It is interesting to note, however, that when the Trial of Richard III was created for London Weekend Television, the jurors found Richard III not guilty. Their reasons are the same reasons that seem to resound in any of the historical fiction, and even within the nonfiction, that argues Richard III’s innocence and goodness. First was that the jurors felt that if the princes had been killed, it was quite possible that it was done without Richard III’s knowledge or approval. Second was the lack of any direct accusations against Richard III, just hearsay. Third was Richard III’s general conduct – hardly conduct that would make him fit the traditional villain role that was thrust upon him so often. Fourth was Edward’s pre-contract with Eleanor Butler which would have kept Edward’s children from being heirs to the throne. Fifth was the lack of enquiry by Henry Tudor, something that meant quite a lot in that if Henry didn’t investigate Richard III, there was a good chance that there was nothing there; Henry could have greatly benefited from being able to place more blame on Richard III’s shoulders. Sixth and finally, the jurors felt that the information being brought against Richard III was either distorted and/or biased against him.

Regardless of who the true Richard III is, he still manages to fascinate. Numerous authors, including Margaret Campbell Barnes (The King’s Bed), Rosemary Jarman (We Speak No Treason), Francis Leary (Fire and Morning), Gladys Malvern (The Queen’s Lady), Marian Palmer (The White Boar), Josephine Tey (Daughter of Time), Marguarite Vance (A Song for a Lute), and Robert Farrington (The Killing of Richard the Third), have all written historical fiction about Richard III and Anne Neville. While most are pro-Ricardian, some follow the more traditional Shakespearian view. Some modern authors, like Elizabeth Peters in her The Murders of Richard III, manage to use the arguments over the true Richard as the pretext for a modern mystery novel, quoting information within the novel that shows the author’s belief in the revisionist Richard view.

While it may not be possible to find out the absolute truth of the matter, the fact that this argument exists today tells us that people are interested in finding out what really happened, and with current abilities, some day we might have the answers as more and more facts and information come to light.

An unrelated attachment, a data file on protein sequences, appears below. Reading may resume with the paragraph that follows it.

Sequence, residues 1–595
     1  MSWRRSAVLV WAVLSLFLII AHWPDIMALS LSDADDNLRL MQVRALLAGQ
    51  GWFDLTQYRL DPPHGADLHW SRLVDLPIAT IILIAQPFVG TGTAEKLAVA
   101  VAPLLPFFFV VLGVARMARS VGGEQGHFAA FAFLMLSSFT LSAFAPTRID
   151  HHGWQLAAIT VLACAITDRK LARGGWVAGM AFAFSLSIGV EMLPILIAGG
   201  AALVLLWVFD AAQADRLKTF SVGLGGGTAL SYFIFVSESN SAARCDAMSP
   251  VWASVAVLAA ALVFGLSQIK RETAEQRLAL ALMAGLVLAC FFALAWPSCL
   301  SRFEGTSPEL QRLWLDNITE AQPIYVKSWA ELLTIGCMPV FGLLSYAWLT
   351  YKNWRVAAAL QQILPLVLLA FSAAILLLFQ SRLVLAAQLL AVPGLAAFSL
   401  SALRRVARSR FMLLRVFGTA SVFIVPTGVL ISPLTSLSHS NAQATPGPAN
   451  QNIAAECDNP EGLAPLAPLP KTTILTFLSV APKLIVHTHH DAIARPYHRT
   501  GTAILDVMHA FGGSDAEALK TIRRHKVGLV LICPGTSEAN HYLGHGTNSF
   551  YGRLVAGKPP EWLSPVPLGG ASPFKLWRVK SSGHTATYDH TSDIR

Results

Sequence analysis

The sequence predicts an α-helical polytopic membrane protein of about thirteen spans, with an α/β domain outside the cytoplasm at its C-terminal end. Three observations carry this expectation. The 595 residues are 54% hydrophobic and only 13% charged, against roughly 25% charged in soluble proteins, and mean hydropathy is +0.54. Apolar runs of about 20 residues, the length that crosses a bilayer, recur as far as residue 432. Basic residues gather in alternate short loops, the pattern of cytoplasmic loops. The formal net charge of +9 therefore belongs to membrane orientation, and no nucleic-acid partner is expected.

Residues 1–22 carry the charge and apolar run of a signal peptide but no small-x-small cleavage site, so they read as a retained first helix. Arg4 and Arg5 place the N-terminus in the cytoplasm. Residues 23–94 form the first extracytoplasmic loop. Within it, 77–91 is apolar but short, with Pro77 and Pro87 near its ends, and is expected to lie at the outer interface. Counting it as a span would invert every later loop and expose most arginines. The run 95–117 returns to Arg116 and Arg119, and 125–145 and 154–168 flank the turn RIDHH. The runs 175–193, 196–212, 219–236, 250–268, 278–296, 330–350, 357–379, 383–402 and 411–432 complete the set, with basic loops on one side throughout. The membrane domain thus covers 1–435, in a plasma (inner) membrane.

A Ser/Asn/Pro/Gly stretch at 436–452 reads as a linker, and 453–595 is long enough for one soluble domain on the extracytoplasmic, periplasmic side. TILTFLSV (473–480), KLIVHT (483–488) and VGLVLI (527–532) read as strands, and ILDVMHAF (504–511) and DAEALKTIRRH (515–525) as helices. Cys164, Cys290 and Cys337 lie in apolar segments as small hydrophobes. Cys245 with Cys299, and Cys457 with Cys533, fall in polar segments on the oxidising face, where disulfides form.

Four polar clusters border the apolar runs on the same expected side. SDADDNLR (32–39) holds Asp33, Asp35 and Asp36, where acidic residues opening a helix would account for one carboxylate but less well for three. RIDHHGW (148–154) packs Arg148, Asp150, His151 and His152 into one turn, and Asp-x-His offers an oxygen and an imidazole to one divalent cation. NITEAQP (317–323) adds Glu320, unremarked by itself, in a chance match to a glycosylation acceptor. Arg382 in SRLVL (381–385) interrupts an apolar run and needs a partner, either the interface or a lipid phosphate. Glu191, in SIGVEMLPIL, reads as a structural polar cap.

Works Cited


Barber, Charles. York Notes on William Shakespeare’s Richard III. New York: Longman, 1981.

BrainyQuote. Mark Twain Quotes and Quotations. 2004. 14 May 2004. <http://www.brainyquote.com/quotes/quotes/m/marktwain105745.html>

Drewett, Richard and Redhead, Mark. The Trial of Richard III. Based on the London Weekend Television Production for Channel 4. Glouster: Alan Sutton, 1984.

MSN Groups: Edward the Fifth. Selected Bibliography. 14 May 2004. <http://groups.msn.com/EdwardtheFifth/selectedbibliography.msnw>

Penman, Sharon Kay. The Sunne in Splendor. New York: Ballantine Books, 1990.

Penman, Sharon Kay. “On Reshaping History.” The Richard III and Yorkist History Server. Winter 97/98. 14 May 2004. <http://www.r3.org/fiction/roses/penman.html>

Peters, Elizabeth. The Murders of Richard III. New York: Mysterious Press, 1986.

Pollard, A.J. Richard III and the Princes in the Tower. New York: St. Martin’s Press, 1991.

Potter, Jeremy. Good King Richard? An Account of Richard III and his Reputation. London: Constable, 989.

Richard III Society. To Prove a Villain…the real Richard III. (Exhibition at the Royal National Theatre, London, March 27-April 27, 1991.) 2003. 14 May 2004. <http://www.r3.org/rnt1991/introduction.html>

Shakespeare,William. Richard III. Ed. by Mark Eccles. New York, Signet Classic. 1988.

Suter, John. MLA 5322 Notes on The Sunne in Splendor. Houston: Master of Liberal Arts Program, 2004.

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    • profile image

      BarbaraCasey 

      4 years ago

      Penman made me a believer... she's such a good writer.